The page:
Timothy Bazzett's Reviews > Going Solo

Going Solo by Roald Dahl
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Mar 13, 12

Read in February, 2008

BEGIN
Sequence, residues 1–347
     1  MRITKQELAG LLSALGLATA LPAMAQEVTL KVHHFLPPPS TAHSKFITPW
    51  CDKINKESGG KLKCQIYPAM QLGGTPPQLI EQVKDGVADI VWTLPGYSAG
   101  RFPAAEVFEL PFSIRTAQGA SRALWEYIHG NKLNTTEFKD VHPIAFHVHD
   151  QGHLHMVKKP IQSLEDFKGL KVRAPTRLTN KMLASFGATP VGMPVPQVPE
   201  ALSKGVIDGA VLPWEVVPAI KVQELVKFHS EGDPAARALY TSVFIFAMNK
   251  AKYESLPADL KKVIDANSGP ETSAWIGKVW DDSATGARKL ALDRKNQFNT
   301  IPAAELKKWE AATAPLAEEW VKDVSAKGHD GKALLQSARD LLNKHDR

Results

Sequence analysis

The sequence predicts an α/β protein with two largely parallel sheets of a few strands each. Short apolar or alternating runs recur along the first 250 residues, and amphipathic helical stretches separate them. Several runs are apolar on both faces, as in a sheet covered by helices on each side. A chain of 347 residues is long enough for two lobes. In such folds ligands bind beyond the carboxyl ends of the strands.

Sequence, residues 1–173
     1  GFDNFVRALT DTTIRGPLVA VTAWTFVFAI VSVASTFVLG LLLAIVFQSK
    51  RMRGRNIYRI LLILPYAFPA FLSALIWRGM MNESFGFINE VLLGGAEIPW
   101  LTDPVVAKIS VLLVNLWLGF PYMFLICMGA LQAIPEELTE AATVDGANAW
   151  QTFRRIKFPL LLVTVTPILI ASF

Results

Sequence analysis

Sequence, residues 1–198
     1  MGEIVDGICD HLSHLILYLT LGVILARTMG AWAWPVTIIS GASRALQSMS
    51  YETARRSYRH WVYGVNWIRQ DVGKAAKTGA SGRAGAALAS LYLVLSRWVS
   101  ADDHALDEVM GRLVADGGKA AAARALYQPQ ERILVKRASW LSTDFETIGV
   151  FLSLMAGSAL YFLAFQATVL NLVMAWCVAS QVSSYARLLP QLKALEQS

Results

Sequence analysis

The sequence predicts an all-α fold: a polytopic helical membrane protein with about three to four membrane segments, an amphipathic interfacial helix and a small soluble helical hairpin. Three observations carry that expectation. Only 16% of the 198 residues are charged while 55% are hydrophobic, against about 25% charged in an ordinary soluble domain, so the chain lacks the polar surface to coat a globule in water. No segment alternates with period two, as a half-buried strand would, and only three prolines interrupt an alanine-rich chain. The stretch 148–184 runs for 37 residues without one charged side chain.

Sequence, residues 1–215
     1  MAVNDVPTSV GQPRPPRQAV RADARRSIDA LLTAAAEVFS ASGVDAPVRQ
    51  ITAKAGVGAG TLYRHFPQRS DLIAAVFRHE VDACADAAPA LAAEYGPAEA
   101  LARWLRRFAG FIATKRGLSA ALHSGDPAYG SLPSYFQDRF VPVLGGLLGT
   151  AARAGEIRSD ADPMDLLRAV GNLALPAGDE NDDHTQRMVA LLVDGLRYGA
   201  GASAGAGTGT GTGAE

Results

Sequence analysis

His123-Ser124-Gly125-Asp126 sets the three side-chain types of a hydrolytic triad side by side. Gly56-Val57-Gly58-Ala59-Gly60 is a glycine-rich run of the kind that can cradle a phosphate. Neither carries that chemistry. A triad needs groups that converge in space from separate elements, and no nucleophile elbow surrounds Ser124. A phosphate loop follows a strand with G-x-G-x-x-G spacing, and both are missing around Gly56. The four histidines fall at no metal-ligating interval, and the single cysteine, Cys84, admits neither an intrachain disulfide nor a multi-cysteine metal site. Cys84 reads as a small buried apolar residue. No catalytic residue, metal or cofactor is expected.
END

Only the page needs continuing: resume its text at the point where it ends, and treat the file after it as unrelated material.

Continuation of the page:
Another writer once told me that one of the most important elements to be found in a memoir is a "likeable" narrator. Roald Dahl is perhaps one of the MOST likeable of narrators. Modest to a fault and blessed with a very sly and subtle sense of humor, the story Dahl tells in GOING SOLO, his sequel to BOY, is perhaps one of the most readable memoirs of modern times. His story of the quick and almost informal training he received at a flying school in Africa shortly after Great Britain entered WWII, is hair-raising and nearly impossible to believe, except you do believe, because you trust this man. At six foot six inches tall, Dahl was physically quite unsuited to be a fighter pilot, noting that when seated in the various planes he flew, his knees were nearly under his chin and he had to hunch over to fit beneath the plane's canopy. But fly he did, even after surviving one horrific crash in the desert early on in his career as an RAF pilot. He sustained a very bad concussion (which was to come back to haunt him and finally "invalid" him out of service nearly two years later) and had his face bashed in. As he explained to his mother in a letter: "My nose was bashed in ... and the ear nose and throat man pulled my nose out of the back of my head and shaped it and now it looks just as before except that it's a little bent about ..." Dahl went on to fly many combat missions in North Africa and Greece, usually against vastly superior odds, but somehow he managed to survive until the middle of 1941, when the migraine headaches caused by the aforementioned crash made him unfit for further flying. Dahl's nearly laconic and completely unself-conscious manner of writing about the things he did - absolutely heroic things - made me think of Sam Hynes's WWII memoir of his missions in the Pacific theater. Both writers downplay the importance of their roles. They never speak of heroics or derring-do, only about the importance of their comrades, doing the jobs they were trained to do and trying their best to simply stay alive. This was an enormously satisfying, moving and often hilarious tale. After reading these two slim volumes of memoirs by Dahl, I do wish he had written another. I have ordered his slim collection of stories about WWII already. What a wonderful writer - and gentleman - Roald Dahl was.
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